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Summary

A young man is murdered for his prized pet fish. An Asian tycoon buys a single specimen for $150,000. Meanwhile, a pet detective chases smugglers through the streets of New York. Delving into an outlandish realm of obsession, paranoia, and criminality, The Dragon Behind the Glass tells the story of a fish like none other: a powerful predator dating to the age of the dinosaurs. Treasured as a status symbol believed to bring good luck, the Asian arowana is bred on high-security farms in Southeast Asia and sold by the hundreds of thousands each year. In the United States, however, it's protected by the Endangered Species Act and illegal to bring into the country - though it remains the object of a thriving black market. From the South Bronx to Singapore, journalist Emily Voigt follows the trail of the fish, ultimately embarking on a years-long quest to find the arowana in the wild. With a captivating blend of personal reporting, history, and science, The Dragon Behind the Glass traces our modern fascination with aquarium fish back to the era of exploration when intrepid naturalists stood on the cutting edge of modern science, discovering new and wondrous species in jungles all over the world.

©2016 Emily Voigt (P)2016 Tantor

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  • Bruce J. Turner
  • 26-06-16

A "must read" for all fish professionals.

There is much in this book for almost anyone interested in fishes and their biology. Voight offers thoughtful perspectives on the aquarium hobby, it's history, psychology, the industry that supports it, and the potential impact of fish collecting on natural populations. She blends these with absorbing travel adventure narratives, personal profiles and a reasonably nuanced discussion of the utility and impact of "listing" endangered species. I am an ichthyologist and have been an aquarist for almost all of my 71 years but this book made me think about a lot of what I and my colleagues do in a different light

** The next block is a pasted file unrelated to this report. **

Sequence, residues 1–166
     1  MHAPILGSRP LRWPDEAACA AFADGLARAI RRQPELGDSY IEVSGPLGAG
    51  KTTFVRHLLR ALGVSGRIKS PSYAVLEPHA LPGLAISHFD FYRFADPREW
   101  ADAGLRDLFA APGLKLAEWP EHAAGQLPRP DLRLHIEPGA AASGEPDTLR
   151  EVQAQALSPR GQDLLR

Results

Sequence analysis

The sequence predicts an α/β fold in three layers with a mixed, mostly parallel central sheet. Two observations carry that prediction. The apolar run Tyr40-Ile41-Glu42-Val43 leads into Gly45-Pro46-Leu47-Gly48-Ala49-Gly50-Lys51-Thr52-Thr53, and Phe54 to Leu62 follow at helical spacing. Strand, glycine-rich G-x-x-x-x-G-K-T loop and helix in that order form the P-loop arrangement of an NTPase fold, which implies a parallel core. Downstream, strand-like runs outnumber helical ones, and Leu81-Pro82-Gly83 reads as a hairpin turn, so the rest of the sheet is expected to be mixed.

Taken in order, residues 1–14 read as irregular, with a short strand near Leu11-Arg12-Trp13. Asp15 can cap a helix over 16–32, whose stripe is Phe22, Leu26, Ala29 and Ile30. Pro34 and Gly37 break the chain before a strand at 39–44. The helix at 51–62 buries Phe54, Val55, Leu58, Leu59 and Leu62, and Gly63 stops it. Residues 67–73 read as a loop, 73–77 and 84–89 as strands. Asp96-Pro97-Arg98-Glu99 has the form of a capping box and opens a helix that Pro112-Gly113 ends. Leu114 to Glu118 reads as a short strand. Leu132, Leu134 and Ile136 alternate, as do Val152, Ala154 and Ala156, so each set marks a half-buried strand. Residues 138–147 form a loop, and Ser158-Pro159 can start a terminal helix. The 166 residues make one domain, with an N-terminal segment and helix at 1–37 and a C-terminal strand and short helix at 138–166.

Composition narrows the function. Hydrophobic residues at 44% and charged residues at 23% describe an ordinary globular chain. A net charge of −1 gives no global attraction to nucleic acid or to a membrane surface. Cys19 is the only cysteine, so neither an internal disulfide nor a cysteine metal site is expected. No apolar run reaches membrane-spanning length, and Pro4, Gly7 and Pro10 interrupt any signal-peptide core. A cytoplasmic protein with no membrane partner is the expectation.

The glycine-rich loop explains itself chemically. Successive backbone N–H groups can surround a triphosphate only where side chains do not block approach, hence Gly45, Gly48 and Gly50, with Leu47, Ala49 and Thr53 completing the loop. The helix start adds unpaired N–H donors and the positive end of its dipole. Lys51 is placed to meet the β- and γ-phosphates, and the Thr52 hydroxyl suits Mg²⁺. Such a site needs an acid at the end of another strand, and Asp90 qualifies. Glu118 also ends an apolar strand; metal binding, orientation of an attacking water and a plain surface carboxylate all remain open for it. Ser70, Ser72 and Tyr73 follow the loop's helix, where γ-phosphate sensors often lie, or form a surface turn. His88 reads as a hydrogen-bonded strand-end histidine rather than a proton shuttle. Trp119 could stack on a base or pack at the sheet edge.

6 of 6 people found this review helpful

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  • Amazon Customer
  • 16-11-16

Exciting book, well executed by the reader

Exciting but sad, a reminder that our resources are finite and require our care and conservation

4 of 4 people found this review helpful

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  • James
  • 26-07-16

Gripping

As an semi professional aquarist this gripped me. I devoured in about 2 two days of frantic reading. It brought to light some of the darker and easily ignored sides of the aquarium trade (my dearest passion) and made me ask some really tough questions about my life. Anyone who is has an aquarium should give this a listen.

3 of 3 people found this review helpful

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  • L. M. Heredia
  • 12-06-18

I didn't think I could be addicted to fish tales

This books hits you fast and heated. You'll be at the edge of your seat waiting to get ur headphone or in ur car until it's over and you'll be all wth this is a book about fish.... but is it?? Soo many layers... I'm into it fast paced and just great. The narrator is a bit eh but the story is soo good it doesn't matter. Do not sleep on this one I literally think about this stupid fish all the time now.... xoxo love it thou...

1 of 1 people found this review helpful

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  • Michael Stephenson
  • 22-07-18

As good as it gets for this genre

If you have any fondness at all for quirky natural history accounts, this is worth five credits. It is well paced and the narration is just about perfect. I'm comparing this in my mind to The Orchid Thief by Susan Orlean and it's holding its own...I look forward to more from Emily Voigt. And I'm barely exaggerating to say I'd listen to Xe Sands read drugs warning all afternoon.

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  • SAMA
  • 06-09-16

Arowana, How I Know Thee

This audiobook appealed to the fish lover in me. A couple of years ago I bought a bunch of arowanas until they started getting too big for the tank. This book may just be what I need to bring a couple of them back to admire every morning.

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  • Mindy Rule
  • 13-07-16

Beginning and end redeeming qualities

My biggest takeaways occurred at the beginning with details about the aquarist and the epilogue where she wraps up her thoughts on protecting species and keeping fish as pets. Her travels were interesting but anticlimactic, so is real life though.